This old church, fallen into disrepair, weatherbeaten boards on a sagging frame,
Decrepit and dying but like an old matriarch, still dignified,
Pained by her appearance yet proud to bear the scars of time.
She looks down at the encroaching weeds and fallen branches scattered among her pews,
Knowing that one day she will fall, become blind and be a vague memory.
But in her remembrances she sees the country people arriving in carriages on Sundays,
The union of young innocents embarking on a lifetime together.
She sees the picnics in the green grass that used to surround her,
Hears the laughter and feels the joy of people, the togetherness.
She remembers the grief and the ones who were laid to rest
And how she brought comfort to those left behind.
She sees the bustling crowds on Easter and Christmas
And sees the solitary visitors praying for strength and guidance.
She has heard the prayers of the wicked and the righteous, heard the music of the pump organ and the voices;
The baritones of gruff old farmers, the high tenors of the young men,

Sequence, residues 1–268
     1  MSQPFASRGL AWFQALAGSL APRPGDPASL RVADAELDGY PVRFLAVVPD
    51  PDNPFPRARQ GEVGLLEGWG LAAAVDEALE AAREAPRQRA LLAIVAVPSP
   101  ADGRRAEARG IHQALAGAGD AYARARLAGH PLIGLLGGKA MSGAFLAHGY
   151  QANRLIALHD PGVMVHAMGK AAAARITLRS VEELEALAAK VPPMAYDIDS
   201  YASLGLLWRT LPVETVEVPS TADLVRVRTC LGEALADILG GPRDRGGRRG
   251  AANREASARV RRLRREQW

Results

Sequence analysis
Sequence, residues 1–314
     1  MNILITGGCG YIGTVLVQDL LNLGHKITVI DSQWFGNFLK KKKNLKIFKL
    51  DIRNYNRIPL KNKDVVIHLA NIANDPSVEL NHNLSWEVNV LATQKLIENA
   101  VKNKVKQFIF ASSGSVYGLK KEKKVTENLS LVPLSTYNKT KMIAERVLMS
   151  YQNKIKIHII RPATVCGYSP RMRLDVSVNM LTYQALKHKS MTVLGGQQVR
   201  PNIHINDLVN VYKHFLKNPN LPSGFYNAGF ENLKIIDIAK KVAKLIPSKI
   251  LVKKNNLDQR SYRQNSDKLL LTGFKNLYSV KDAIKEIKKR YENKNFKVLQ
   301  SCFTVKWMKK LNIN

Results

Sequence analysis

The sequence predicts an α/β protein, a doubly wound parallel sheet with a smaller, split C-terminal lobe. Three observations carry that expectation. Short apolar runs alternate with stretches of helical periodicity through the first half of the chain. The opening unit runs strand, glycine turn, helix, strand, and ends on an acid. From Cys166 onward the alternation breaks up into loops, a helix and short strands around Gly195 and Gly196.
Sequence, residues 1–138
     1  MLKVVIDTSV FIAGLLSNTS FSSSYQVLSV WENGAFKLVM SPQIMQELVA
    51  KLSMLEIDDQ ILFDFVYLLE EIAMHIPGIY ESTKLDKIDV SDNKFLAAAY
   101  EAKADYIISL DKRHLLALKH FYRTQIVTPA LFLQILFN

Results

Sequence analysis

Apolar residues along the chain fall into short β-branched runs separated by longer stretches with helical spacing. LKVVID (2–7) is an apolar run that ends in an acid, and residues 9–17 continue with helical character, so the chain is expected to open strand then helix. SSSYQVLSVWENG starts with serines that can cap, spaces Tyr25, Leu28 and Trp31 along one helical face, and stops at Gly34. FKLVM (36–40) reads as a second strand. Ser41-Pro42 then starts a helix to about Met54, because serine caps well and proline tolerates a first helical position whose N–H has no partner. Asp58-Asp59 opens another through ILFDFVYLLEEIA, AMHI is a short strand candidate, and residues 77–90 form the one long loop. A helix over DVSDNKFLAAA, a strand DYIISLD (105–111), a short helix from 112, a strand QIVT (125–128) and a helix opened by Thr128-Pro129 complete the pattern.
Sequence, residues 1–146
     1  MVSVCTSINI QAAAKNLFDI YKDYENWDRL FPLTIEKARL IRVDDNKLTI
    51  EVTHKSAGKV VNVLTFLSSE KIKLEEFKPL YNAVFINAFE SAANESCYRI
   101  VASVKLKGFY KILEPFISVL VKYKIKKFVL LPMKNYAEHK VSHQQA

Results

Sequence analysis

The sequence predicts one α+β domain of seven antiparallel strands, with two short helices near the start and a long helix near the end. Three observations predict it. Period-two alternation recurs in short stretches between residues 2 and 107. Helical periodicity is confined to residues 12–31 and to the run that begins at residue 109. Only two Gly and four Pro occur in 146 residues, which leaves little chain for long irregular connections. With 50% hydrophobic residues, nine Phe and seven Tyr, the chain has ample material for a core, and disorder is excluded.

The quivering soprano vibratos of young maids turning into smooth altos;
The wages of time, experience, child-bearing and motherhood.
She has seen the widows and widowers confronting a new life alone,
She has seen children burying their parents and parents burying children.
She has learned many secrets and her will to live is strong, but she is failing.
This old church, remembered only in paintings and photographs
Now rests with the souls who once worshipped within her walls.
She was a reflection of us, the simple grandeur of country folk,
Proud and powerful without being ostentatious,
Strict and demanding yet open and forgiving.
This old church, if she could speak, would not tell tales of fire and brimstone,
She would say that the greatest thing is love.
She would harbor no hatred for those who let her fall,
She, more than anyone or anything, knows that life is fleeting, time is a riddle, and the world is ever changing.
She would say “shed no tears for me, for I have lived and have done my work”.
And there she lies, her bones in the cool grass, but her soul lives on with the souls of those who shared in her life.
It saddens me to see what she once was lying there in an abandoned field,
But even in death she teaches a lesson, live well, do your work, die with dignity.
I miss her but somehow I can see her, a vision almost like a resurrection,
And she is there, glistening in the soft afternoon light, young and whole again,
Singing the old songs.
And I hear laughter and her bell tolling,
Calling me home.
(dedicated to my mother, Jean Hobbs)